Won’t someone, please, think of the African children
Neuroscientists have found that over 80 per cent of calories that newborns ingest fuel their brains. The colossal statistic accounts for how rapidly the young brain grows and develops.
It paints us a new picture of malnutrition. It tells us that babies caught up in the developing famine in East Africa will almost certainly suffer starvation-induced damage that will have long-term developmental effects on their minds.
Babies are arriving in field hospitals in Dadaab, Kenya, too weak to cry. Many weigh a third of what they should.
It’s difficult to realise that they are lucky even making it to Dadaab - the largest refugee camp in the world, holding an astonishing 400,000 people. The journey for Somalians is weeks long, with many women giving birth along the treacherous, foodless trek. The health implications for newborns born into such circumstances are disastrous.
Media coverage of poverty, civil war, and helplessness portrays only one part of modern Africa - and it betrays the very real progress and increasing stability that the region is enjoying.
Long-term growth will continue by encouraging initiative and creating wealth and profitability in Africa’s hard-working and oft-entrepreneurial citizens. Kenya, buoyed by a five per cent economic growth in the past year, recently opened its first KFC franchise.
It would be irresponsible, however, to ignore the immediacy and urgency of this crisis.
News outlets have reported that 10 per cent of Somali children under five will die by November. UNICEF - the United Nations Children’s Fund - estimates that across Somalia, Kenya and Ethiopia, 600,000 children are suffering acute malnutrition and are on the brink of death.
And so, that familiar cry of “Who will save Africa?” emanates again.
A star-studded Geldofian intervention certainly doesn’t seem forthcoming. (And frankly, I could do without seeing Bob Geldof squeeze into black denim to croak “I Don’t Like Mondays” for the umpteenth time.)
We can’t rely on musicians and media to craft a grand narrative for this crisis. It’s not sexy. It’s a slow burning, gradual onset disaster that has put 12 million people in very real danger.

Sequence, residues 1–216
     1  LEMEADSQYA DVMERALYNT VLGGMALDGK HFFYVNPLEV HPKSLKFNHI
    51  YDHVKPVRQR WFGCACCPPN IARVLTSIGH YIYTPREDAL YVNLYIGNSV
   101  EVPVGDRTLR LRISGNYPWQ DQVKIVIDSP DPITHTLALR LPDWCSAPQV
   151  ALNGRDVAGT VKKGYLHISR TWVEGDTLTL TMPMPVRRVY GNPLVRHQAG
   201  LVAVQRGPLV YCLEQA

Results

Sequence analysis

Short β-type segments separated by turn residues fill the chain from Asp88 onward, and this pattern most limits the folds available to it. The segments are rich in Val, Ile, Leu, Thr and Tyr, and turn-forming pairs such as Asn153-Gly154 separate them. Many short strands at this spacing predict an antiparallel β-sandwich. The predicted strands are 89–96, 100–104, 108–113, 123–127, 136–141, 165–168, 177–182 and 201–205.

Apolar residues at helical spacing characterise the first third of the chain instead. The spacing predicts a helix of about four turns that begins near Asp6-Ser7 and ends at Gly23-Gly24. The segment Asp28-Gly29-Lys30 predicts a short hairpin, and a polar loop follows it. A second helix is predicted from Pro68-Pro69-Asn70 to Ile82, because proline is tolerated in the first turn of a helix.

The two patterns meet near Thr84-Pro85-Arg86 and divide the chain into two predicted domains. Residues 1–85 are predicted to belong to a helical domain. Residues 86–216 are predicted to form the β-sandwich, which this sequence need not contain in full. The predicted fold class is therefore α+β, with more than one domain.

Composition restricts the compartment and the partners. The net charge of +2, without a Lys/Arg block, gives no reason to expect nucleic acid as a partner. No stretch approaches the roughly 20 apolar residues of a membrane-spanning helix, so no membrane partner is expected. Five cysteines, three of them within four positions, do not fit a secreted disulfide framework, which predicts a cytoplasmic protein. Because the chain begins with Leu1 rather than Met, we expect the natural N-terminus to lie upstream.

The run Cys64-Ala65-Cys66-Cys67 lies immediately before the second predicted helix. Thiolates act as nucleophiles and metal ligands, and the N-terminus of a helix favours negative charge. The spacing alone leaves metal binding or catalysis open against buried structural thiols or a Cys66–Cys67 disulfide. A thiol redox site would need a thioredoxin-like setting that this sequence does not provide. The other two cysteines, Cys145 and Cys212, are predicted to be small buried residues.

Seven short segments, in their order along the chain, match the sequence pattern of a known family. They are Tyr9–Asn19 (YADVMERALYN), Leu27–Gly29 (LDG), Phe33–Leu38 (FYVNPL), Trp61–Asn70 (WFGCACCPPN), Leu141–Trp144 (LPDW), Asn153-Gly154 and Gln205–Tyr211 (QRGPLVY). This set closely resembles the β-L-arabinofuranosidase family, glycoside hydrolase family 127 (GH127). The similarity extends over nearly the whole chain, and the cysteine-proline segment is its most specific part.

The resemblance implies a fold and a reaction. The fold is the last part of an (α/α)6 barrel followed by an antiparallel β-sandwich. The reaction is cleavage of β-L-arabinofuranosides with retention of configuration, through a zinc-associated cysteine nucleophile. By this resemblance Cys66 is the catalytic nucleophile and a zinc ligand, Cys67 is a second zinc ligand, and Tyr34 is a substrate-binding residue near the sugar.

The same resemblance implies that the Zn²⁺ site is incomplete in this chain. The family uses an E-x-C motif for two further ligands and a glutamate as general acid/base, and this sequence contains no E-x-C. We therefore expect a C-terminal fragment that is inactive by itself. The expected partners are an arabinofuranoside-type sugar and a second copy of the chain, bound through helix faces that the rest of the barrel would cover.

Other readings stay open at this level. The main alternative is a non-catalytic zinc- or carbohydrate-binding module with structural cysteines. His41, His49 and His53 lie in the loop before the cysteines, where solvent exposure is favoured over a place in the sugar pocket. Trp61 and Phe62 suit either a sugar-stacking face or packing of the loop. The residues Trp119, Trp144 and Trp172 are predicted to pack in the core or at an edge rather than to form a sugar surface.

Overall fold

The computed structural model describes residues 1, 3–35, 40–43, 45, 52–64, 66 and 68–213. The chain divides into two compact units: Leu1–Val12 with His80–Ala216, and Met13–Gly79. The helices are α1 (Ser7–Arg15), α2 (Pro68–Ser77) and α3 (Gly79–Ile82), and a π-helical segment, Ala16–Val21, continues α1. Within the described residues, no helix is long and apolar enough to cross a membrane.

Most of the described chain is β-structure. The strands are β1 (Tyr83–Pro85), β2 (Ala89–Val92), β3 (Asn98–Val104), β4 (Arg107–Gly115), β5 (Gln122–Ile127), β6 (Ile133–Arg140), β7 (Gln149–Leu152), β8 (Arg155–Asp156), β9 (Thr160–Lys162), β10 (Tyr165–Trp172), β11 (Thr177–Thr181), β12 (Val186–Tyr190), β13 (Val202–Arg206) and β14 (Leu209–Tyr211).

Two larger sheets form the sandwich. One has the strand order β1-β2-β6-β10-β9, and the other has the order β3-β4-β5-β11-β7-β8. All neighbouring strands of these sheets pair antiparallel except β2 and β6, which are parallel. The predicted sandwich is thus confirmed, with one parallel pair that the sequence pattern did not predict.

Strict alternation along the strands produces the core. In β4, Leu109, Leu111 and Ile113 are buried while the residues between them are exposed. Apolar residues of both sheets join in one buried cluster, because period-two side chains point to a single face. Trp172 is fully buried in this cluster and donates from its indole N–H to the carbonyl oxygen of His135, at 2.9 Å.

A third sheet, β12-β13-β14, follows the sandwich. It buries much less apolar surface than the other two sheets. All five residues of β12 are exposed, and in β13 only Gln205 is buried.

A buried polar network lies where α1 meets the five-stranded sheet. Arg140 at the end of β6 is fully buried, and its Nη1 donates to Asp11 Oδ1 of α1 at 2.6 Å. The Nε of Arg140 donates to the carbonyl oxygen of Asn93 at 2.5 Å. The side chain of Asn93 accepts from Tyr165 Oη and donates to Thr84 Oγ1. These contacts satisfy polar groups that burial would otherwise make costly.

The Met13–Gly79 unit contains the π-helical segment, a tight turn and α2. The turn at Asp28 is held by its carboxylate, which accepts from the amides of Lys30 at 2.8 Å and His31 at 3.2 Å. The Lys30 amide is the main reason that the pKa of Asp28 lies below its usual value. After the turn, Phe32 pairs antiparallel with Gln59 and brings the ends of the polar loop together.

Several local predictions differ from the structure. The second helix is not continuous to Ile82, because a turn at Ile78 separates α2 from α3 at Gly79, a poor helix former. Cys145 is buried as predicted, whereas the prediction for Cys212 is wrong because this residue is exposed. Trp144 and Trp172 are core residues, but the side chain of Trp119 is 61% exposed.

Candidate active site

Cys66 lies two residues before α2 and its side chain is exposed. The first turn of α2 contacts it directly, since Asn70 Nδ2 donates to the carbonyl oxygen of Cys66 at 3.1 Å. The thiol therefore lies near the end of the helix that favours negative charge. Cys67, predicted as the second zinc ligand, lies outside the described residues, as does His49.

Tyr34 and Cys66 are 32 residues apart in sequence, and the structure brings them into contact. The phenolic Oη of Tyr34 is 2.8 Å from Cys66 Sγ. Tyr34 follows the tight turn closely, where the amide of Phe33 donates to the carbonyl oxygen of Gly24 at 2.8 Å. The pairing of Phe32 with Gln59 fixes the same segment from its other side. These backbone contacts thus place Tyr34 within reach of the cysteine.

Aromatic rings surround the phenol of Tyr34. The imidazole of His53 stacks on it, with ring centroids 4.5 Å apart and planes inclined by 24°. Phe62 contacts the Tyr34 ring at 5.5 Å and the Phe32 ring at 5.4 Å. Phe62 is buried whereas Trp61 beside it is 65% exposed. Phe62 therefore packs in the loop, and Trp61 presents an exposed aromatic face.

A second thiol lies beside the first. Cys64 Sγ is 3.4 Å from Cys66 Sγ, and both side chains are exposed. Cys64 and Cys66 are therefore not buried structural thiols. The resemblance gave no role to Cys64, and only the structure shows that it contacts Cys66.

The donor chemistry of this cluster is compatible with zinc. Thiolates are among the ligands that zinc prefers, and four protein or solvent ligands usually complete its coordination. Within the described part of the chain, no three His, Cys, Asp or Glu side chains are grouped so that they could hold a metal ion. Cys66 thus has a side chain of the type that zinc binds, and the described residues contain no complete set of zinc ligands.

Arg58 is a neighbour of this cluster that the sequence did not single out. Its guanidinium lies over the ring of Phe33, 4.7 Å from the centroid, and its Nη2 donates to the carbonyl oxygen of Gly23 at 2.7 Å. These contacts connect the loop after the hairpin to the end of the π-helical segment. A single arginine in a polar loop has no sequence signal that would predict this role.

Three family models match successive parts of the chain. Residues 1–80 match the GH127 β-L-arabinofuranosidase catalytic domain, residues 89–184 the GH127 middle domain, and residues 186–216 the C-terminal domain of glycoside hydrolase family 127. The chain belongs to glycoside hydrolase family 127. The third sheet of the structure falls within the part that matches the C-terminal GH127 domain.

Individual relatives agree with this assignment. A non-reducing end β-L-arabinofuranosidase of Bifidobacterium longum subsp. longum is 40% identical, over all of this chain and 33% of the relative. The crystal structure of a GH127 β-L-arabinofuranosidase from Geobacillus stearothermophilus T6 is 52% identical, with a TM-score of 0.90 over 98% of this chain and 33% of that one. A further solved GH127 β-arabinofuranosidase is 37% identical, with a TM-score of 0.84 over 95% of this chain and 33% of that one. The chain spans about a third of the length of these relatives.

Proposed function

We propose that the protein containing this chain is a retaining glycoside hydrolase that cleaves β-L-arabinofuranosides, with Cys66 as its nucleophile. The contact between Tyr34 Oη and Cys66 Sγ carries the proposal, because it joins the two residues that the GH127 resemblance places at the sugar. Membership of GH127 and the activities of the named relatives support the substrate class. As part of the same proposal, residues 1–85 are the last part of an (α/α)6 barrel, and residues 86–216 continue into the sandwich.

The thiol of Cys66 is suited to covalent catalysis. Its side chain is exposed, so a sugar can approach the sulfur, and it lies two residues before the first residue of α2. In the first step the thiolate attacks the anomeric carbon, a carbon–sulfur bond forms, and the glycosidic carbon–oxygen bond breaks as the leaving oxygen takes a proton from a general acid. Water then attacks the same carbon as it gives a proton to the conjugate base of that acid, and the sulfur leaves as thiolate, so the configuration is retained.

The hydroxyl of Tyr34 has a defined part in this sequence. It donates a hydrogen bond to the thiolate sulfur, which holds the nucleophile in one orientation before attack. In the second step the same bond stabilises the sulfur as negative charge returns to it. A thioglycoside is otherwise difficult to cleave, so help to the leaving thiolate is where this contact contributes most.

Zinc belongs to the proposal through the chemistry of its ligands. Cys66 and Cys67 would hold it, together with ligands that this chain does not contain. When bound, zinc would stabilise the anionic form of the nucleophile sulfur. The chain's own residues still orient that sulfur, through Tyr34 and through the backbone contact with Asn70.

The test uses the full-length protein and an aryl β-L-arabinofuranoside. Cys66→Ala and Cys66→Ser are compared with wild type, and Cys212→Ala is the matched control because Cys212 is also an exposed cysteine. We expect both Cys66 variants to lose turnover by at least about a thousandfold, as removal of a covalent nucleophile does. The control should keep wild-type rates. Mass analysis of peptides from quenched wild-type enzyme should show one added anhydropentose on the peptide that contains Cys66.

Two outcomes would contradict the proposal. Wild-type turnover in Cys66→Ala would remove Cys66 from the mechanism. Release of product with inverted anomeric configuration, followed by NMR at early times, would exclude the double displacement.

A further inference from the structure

My heart broke for the Morcombes when further details of Daniel’s disappearance emerged over the weekend. It is a horrible loss. And it’s personal stories that tell the human tragedy of East Africa’s famine.
Horrific stories are emerging of distraught mothers telling social workers of being forced to leave weaker, younger children behind or families starting their journey to Dadaab with four children and having only two by the time they reach the camp 25 days later. There are many more, and not enough newspaper inches to print them.
Tireless advocacy and emergency workers endure thankless and demanding work during these catastrophes. UNICEF is one of only two aid agencies able to access Baidoa, an Al Shabab controlled area of Southern Somalia, which is riddled with danger and instability from hostile local militia. Aid workers are overworked and under-resourced: thousands of new refugees are entering camps each day.
UNICEF Australia has seen the generosity of Australians once again but substantial funding gaps remain. The UN recently declared a shortfall of over a billion dollars in donations.
Some reports suggest the past 90 days of famine have already killed over 29,000 Somali children. Scores more are dying each day.
The rainy season will come in October, and with it outbreaks of malaria, cholera and typhoid will surge, proving this is more than just a food crisis - it is a crisis for child survival.
There are huge strides still to be taken in preventing future catastrophes. But, for now, with 12 million lives at stake, we must agree to agree.
Donations to UNICEF’s East Africa Emergency Appeal can be made at www.unicef.org.au or by calling 1300 884 233.
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